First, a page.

A popular Five Points bagel joint is ready to reopen its doors.
Rosenberg’s Bagels and Delicatessen will reopen next Sunday, Oct. 16, five months after an accused murderer and arsonist allegedly killed a man living above the bakery before lighting the building on fire.
Owner Joshua Pollack said it’ll be essentially the same shop with a few new menu items he and his chefs cooked up while out of the kitchen.
“We spent a lot of our time doing some popups, donating money to charity and volunteering our time to charity,” he said. “When we were able to focus on the business, it was more about focusing on things we always put off and didn’t have time for.”
Rosenberg’s is a bagel shop at 725 E. 26th Ave. that first opened in 2014 and was forced to close after a fire this spring.
Brian Scott Pattison has since been arrested and charged with first degree murder and arson. A CBS4 report from May 31 said authorities believed Pattison shot a tenant living in an apartment above Rosenberg’s and then set the building on fire.
Since then Pollack has been running Rosenberg’s popups, fundraisers and working on other food-related businesses while rebuilding the Five Points shop. He’ll reopen it next weekend with new products including rye bread, Kaiser rolls, onion rolls, challah buns and “bagel balls” – which he characterized as a bagel version of Dunkin’ Donuts’ munchkins.
The new Rosenberg’s will also have more flat top grill space, an upgrade Pollack hopes will get breakfast sandwiches out to customers faster.
“That was usually the bottleneck on the weekend for egg sandwiches,” he said.
Pollack said while he wasn’t selling any bagels, Rosenberg’s did still have money coming in. He credited his insurance broker at Insure Group for talking him into buying a business interruption insurance policy with which Pollack was able to keep paying his staff while Rosenberg’s was closed.
“We argued about it because it was the most expensive plan we got quoted,” Pollack said. “But he’s been doing this for 40 years and said it’s the one thing you hope you never have to use but he never lets his clients go without it.”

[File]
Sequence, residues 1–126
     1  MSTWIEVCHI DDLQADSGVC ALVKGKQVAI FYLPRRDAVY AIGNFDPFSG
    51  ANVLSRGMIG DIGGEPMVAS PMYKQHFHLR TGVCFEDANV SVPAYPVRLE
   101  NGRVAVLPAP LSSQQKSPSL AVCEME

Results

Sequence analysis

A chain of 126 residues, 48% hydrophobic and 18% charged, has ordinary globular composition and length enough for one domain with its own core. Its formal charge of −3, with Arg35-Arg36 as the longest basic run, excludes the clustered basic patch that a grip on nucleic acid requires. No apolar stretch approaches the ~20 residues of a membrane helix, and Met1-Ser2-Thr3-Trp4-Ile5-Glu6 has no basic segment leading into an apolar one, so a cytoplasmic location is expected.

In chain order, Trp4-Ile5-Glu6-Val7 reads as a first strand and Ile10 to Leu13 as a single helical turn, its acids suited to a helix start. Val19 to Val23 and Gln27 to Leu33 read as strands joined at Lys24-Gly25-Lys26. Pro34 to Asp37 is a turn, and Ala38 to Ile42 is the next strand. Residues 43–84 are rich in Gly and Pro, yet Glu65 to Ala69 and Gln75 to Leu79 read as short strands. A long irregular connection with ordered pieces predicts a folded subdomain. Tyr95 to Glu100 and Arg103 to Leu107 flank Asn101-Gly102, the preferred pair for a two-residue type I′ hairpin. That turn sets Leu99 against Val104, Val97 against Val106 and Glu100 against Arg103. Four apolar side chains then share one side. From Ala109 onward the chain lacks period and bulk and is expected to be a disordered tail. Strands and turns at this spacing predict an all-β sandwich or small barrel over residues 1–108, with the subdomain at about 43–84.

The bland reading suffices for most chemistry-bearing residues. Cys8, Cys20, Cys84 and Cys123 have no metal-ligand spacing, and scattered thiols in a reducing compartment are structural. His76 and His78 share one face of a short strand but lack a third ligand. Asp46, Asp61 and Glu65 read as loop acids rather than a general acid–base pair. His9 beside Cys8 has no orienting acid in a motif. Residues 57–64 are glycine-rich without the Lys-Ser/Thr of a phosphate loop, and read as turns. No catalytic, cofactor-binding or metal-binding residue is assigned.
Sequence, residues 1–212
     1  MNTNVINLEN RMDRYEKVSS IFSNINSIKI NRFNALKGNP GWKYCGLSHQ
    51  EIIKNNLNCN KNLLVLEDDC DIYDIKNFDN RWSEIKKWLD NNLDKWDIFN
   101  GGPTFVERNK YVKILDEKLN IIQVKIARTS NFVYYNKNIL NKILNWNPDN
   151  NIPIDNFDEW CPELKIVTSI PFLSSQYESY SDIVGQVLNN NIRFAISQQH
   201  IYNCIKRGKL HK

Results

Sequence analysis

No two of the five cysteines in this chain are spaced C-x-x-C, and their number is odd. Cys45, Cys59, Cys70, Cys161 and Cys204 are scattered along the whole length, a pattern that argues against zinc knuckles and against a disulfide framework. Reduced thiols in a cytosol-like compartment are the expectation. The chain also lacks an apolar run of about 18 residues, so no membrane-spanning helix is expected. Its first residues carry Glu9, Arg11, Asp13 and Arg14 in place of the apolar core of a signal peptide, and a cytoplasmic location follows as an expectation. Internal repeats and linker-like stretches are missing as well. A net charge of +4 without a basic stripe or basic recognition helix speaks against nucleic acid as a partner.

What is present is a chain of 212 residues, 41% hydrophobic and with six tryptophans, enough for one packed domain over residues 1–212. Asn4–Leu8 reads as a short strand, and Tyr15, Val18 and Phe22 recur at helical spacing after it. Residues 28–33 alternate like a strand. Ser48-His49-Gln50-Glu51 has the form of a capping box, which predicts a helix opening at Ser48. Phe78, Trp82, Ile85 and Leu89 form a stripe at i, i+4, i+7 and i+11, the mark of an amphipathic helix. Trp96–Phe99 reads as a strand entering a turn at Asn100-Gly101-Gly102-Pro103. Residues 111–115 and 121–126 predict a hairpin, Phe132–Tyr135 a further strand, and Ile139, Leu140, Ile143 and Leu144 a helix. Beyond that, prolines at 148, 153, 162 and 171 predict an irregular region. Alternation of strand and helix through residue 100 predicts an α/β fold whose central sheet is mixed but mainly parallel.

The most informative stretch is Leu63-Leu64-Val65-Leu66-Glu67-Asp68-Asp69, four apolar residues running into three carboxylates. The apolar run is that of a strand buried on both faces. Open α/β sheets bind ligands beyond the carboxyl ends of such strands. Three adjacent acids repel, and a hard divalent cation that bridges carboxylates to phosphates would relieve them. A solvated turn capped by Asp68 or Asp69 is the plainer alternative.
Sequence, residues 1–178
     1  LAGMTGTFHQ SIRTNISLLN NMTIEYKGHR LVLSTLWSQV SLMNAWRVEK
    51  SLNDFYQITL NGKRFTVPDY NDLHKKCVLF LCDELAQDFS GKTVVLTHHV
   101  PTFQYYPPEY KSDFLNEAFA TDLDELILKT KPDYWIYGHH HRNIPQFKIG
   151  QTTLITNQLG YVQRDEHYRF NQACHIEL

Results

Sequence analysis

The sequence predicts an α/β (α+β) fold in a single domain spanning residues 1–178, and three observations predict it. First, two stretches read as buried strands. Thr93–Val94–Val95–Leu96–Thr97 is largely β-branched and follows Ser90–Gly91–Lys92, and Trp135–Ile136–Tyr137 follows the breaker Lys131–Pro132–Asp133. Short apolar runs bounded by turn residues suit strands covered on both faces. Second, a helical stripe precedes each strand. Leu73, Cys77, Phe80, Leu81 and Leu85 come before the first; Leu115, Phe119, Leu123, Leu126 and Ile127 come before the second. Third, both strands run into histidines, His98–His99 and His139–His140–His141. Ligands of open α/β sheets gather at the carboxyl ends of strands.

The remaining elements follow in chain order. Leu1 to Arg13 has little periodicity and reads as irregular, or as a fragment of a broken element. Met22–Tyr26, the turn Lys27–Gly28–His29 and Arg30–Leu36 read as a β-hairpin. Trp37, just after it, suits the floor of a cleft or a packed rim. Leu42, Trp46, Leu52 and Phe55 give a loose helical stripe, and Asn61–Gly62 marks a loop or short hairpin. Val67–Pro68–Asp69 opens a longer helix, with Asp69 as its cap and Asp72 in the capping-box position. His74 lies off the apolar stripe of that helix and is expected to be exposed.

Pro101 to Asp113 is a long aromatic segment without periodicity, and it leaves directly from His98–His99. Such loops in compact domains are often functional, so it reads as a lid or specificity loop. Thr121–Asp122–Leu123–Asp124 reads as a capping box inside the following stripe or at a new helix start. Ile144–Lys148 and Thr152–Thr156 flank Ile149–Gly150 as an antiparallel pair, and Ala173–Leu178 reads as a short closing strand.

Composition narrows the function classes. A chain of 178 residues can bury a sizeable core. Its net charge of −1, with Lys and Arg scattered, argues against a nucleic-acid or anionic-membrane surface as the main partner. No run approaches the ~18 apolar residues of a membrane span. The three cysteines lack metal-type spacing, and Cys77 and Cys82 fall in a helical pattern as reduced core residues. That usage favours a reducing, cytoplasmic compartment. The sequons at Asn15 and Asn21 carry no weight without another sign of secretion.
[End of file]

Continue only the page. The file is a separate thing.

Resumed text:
About 75 percent of the Rosenberg’s staff stayed on throughout the restaurant’s closure, Pollack said. He currently has 18 employees and is hiring for all positions.
Pollack said working with insurance companies has been the most difficult part about getting Rosenberg’s back open. He said he’s had to pay for several expenses out of pocket, and is waiting on reimbursements.
“In the long run we should be even, in theory,” he said. “But after we finish with all of the insurance companies we’re really not sure if we’re going to end up losing money or not.”
Pollack has stayed plenty busy with other food-related ventures during the Five Points bagel shop’s downtime.
He has a second Rosenberg’s location at Stanley Marketplace in Aurora slated to open soon. He also runs a pretzel cart dubbed City Pretzel and is working on opening sandwich shop Lou’s Italian Deli at 3357 Downing St.
But he’s more than ready to get his first restaurant back up and running.
“The silver lining is we had some time to take a step back and look at the last two years and how we can improve,” he said. “But I know my chefs were pulling their hair out looking at a computer all day when they’re used to working with their hands in the kitchen.”